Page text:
Jeramey Jannene
Friday Photos

$33 Million School Rises in Clarke Square

Cristo Rey will become anchor in southside neighborhood.

By - Apr 24th, 2020 06:30 pm
Cristo Rey High School. Rendering by Bray Architects. Photo by Jeramey Jannene.

Cristo Rey High School. Rendering by Bray Architects. Photo by Jeramey Jannene.

Cristo Rey Jesuit High School’s new campus is rising on Milwaukee’s south side.

The 100,000-square-foot school, designed to support the quickly growing student body, is intended as a permanent home for the four-year-old Catholic high school.

CG Schmidt and a host of subcontractors are implementing the architectural plans of Bray Architects for the 7.5-acre site at 1818 W. National Ave. in the city’s Clarke Square neighborhood. The complex will include science labs and a large gymnasium as well as a soccer field with stands and a substantial performing arts space.

The campus design marks a departure from a late 2017 plan to repurpose the former Pick ‘n Save grocery store on the site. The school was the second entity to reverse course on reusing the former store with e-commerce retailer Wantable also dropping its plans to salvage the building in 2017.

The grocery store building was demolished by the time Cristo Rey and its partners held a ceremonial groundbreaking in September 2019. Two steel beams to be installed in the building were signed by the hundreds of attendees.

The school is scheduled to open in the 2020-21 school year. But it’s possible the COVID-19 pandemic could delay its in-person use. Governor Tony Evers suspended all in-person schooling through the end of the 2019-20 school year and no treatment or vaccine for the disease is currently available. While photographing the construction site on Friday, Urban Milwaukee spotted multiple workers following social distancing guidelines and wearing masks.

Cristo Rey’s Milwaukee school is part of a national network of 37 schools. The first opened in Chicago in 1996, with the Milwaukee school opening in 2015. The school, currently operating in a 45,000-square-foot facility at 1215 S. 45th St. in suburban West Milwaukee, had just under 400 students when it broke ground in September. The new building is designed to accommodate up to 500 students.

Student tuition is funded through three primary sources. The school is a participant in the Milwaukee Parental Choice Program, with the school receiving a $8,400 voucher for each qualifying student. That voucher payment from the state and city is supplemented by donations and a unique student work program. The work-study program, which all students are required to participate in, redirects the pay the student would have received towards their tuition. The school reports the average household income for Cristo Rey students is $32,500.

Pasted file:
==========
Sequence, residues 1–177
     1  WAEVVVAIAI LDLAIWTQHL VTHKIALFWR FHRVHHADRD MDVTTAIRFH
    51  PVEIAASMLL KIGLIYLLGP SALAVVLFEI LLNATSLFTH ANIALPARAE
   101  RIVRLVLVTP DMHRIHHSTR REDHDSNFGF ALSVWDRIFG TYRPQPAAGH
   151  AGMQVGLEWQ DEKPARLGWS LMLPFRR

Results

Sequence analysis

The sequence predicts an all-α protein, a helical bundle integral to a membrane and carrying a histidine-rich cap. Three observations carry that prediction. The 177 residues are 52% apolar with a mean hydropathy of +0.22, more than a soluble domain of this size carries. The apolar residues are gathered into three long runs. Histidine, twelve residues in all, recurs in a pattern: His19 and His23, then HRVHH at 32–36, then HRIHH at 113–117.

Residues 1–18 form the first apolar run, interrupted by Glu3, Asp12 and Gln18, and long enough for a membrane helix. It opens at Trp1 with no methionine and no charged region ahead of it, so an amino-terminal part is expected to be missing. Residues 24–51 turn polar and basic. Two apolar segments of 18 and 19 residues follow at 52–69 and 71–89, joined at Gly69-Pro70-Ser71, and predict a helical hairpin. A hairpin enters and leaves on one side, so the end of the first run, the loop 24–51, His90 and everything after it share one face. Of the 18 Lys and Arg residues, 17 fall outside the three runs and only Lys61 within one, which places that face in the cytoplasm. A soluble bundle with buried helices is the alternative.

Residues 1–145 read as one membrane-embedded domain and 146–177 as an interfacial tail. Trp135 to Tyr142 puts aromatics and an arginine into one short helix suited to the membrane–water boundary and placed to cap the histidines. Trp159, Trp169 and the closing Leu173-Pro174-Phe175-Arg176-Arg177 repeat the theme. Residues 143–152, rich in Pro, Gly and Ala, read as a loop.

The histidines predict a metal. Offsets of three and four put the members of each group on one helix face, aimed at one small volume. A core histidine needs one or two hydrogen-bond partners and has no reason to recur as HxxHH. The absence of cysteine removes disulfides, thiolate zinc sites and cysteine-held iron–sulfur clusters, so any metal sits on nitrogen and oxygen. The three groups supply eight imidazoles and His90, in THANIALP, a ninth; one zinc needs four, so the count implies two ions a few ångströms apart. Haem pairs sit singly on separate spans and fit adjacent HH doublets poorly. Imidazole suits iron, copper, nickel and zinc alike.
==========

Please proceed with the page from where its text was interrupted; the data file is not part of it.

Father Bill Johnson, vice president of strategic growth for the school, said in 2018 that the Notre Dame School of Milwaukee at 1420 W. Scott St. provides the greatest number of students to Cristo Rey. Moving to 18th and National will put the two schools within a couple blocks of each other.

Cristo Rey reports that 95 percent of its 2019 graduating class went on to pursue a post-secondary degree.

The new school will be property-tax exempt. A tax-incremental financing district used to support the construction of the Pick ‘n Save store was closed in 2015 following the repayment of associated debt. Cristo Rey’s financing plan relies on the use of federal New Market Tax Credits to fund a portion of the complex’s construction.



Cleared Site

Former Building

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2 thoughts on “Friday Photos: $33 Million School Rises in Clarke Square”

  1. Jeffjay60 says:

    eAs I understand this, the school is operating on tax-free property and is partially financed by state-supplied school choice funds. Thay means that I, as a taxpayer in Wisconsin, I am supporting a religious school. Where is the separation of church and state? While the intentions of this school are good, and the outcomes seem to be credible, I object to this concept in its construct.

  2. Mingus says:

    If the government funds a religious school, then the government should have to fund any group that claims to be a “religion’. What happens when a group like the Westboro Baptist Church or Scientology demand State funds for a school? There are numerous instances of religious schools discriminating against LBGTQ staff, students, and their families. This is permitted under “freedom of religion”. Government funded discrimination.

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